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Physio Penrith Disc Related Back Pain Treatment

Treatment of Disc Related Back Pain at Sydney Muscle & Joint Physio Penrith

What is disc related back pain?

Intervetrebral disc degeneration is one of the most common mechanical causes of low back pain, and it occurs when the usually rubbery well hydrated discs lose integrity as a normal process of ageing. In a healthy back, intervertebral discs provide height and allow bending, flexion, and torsion of the lower back. As the discs deteriorate, they lose their cushioning ability.


Lumbar disc herniation is also a major contributor to low back pain and has been associated with disruption of the annulus fibrosus, extrusion of the nucleus pulposus and stimulation of nerve fibers, leading to pain. However, more recently, Rajasekaran et al. suggested that disc herniation is more commonly the result of endplate junction failure rather than annulus fibrosus rupture. It is important to remember that herniated discs are found in 30–40% of asymptomatic people.

What are some common names for disc related back pain?

Disc related back pain can include degenerative disc disease, disc degeneration, internal disc disruption, lumbar disc herniation, lumbar disc bulge, lumbar disc protrusion, lumbar disc sequestration, slipped disc and annular tear of the intervertebral disc.

What are the symptoms of disc related back pain?

Disc related back pain will present with back pain usually localised to one side, but this can refer across the low back in a central band. Pain will be aggravated with cough, sneeze and valsalva, made worse with prolonged sitting, bending and driving. Generally there is a large component of morning pain and stiffness, which improves with standing and walking as the day progresses. Pain can refer down the leg beyond the knee if the nerve has been irritated.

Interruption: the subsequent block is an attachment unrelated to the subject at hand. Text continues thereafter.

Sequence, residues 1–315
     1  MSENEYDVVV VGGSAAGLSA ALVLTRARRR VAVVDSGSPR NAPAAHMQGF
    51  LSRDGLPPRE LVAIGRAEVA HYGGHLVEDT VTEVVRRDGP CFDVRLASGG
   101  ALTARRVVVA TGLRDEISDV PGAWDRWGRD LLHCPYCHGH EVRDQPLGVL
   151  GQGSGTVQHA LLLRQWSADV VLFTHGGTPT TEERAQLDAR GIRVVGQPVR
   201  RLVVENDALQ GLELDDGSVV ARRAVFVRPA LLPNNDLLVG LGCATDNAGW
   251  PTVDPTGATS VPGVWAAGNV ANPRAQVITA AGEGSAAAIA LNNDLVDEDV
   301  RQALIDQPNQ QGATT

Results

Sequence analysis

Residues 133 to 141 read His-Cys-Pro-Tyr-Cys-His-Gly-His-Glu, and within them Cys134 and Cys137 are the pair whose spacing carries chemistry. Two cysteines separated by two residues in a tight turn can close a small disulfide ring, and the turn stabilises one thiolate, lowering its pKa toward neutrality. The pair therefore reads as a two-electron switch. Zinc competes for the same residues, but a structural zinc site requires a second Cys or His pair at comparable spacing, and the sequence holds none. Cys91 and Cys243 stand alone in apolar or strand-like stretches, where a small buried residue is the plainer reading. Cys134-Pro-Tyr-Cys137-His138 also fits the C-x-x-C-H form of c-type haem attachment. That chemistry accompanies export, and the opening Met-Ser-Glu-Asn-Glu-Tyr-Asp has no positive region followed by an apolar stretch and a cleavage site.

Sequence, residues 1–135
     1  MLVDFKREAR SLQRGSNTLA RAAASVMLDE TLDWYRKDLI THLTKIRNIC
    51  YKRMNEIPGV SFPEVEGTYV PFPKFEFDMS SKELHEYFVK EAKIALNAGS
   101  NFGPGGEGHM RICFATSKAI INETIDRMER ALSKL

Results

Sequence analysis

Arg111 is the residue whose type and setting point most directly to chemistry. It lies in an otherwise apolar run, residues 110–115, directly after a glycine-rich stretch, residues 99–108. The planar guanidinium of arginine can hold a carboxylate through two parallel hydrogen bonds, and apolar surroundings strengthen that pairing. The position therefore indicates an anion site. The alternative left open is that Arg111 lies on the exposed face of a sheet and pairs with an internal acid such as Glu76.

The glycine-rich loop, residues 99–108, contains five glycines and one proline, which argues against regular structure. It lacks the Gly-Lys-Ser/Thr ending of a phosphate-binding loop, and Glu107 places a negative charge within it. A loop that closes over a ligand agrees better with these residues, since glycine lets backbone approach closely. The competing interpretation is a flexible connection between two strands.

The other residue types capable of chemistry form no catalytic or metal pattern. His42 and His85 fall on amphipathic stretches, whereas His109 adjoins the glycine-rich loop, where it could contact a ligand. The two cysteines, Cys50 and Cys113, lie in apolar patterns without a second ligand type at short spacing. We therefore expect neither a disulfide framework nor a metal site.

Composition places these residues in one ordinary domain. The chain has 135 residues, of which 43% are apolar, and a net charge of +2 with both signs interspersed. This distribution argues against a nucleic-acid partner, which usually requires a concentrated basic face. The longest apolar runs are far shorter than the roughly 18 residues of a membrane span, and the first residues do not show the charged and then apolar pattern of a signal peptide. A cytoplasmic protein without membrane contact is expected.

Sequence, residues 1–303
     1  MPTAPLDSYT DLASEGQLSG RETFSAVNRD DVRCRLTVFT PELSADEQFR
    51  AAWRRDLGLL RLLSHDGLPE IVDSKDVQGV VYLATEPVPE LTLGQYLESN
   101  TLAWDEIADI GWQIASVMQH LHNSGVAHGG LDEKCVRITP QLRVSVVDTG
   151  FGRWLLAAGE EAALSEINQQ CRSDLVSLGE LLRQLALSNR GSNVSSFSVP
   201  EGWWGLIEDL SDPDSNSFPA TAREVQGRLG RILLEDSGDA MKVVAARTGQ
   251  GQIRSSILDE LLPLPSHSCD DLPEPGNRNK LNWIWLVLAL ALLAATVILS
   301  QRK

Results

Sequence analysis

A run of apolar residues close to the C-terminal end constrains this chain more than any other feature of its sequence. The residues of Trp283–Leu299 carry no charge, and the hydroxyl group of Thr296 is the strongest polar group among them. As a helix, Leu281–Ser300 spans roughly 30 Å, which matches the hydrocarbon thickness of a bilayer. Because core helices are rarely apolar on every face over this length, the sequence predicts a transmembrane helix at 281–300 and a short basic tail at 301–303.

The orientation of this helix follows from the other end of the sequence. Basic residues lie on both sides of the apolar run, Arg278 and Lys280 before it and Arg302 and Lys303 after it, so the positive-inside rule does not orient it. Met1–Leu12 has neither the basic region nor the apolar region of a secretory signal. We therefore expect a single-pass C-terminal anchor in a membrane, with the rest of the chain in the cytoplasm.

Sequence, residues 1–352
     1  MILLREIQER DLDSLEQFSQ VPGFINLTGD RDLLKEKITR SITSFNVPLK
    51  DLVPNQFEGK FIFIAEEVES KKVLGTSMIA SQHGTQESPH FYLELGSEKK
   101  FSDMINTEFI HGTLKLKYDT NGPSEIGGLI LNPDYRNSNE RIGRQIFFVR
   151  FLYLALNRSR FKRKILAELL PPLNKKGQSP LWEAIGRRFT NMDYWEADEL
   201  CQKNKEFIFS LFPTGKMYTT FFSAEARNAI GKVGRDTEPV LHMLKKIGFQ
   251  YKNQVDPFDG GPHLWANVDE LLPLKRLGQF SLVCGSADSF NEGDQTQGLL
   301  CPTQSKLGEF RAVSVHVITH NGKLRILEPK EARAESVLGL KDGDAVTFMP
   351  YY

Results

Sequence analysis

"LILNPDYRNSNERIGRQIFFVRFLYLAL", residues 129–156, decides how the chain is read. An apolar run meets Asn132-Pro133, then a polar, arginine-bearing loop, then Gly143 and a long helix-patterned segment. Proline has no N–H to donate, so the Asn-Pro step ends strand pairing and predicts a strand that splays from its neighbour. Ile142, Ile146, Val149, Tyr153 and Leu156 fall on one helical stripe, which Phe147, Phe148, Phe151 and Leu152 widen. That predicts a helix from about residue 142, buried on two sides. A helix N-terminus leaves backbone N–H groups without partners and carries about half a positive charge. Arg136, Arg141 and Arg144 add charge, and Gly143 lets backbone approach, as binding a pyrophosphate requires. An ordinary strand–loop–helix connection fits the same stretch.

Diagnosis of disc related back pain

Diagnosis of disc related back pain may include pain provocation during lumbar range of motion with lateral shift and flexion likely to be most aggravating. Seated lumbar compression, slump test, straight leg raise test, valsalva maneuver, muscle spindle reflex, dermatome and myotome testing. Further diagnostic imaging should include CT scan or MRI to investigate the health of the intervertebral disc.

Treatment of disc related back pain

At Sydney Muscle & Joint Clinic Penrith our physiotherapy philosophy is to provide research supported interventions for disc related back pain. Most recently a model of care has been developed through the ACI Musculoskeletal Network in consultation with the ACI Pain Management Network and is called "Management of people with acute low back pain – Model of care". Core treatment principles acknowledged and used by our physiotherapists at Sydney Muscle & Joint Clinic Penrith are active physical therapy encouraged, begin with simple analgesic medicines, only image those with suspected serious pathology and encourage pre-determined times for review.

Passive modalities: initial focus is to reduce pain and irritability in the low back. This may involve passive interventions such as heat or cold therapy, joint mobilisations, soft tissue work and education and advice. Typically bed rest is to be avoided and movement is the best for disc related back pain. Passive interventions are to be used in the short term to reduce pain and encourage movement. 


Active modalities: as disc related back pain reduces and irritability is low and there are minimal flare ups, our physiotherapists at Sydney Muscle & Joint Clinic Penrith integrate active movement based interventions into your treatment. These can include McKenzie method, neuromuscular control exercises and general strengthening of your trunk, low back muscles and hips. 


Combined interventions: at Sydney Muscle & Joint Clinic Penrith typical physiotherapy treatment approaches are multimodal or combined interventions. This is where you may receive some manual therapy, including joint mobilisations and soft tissue work and then move onto some repeated movements (McKenzie method) and other strengthening exercises. 

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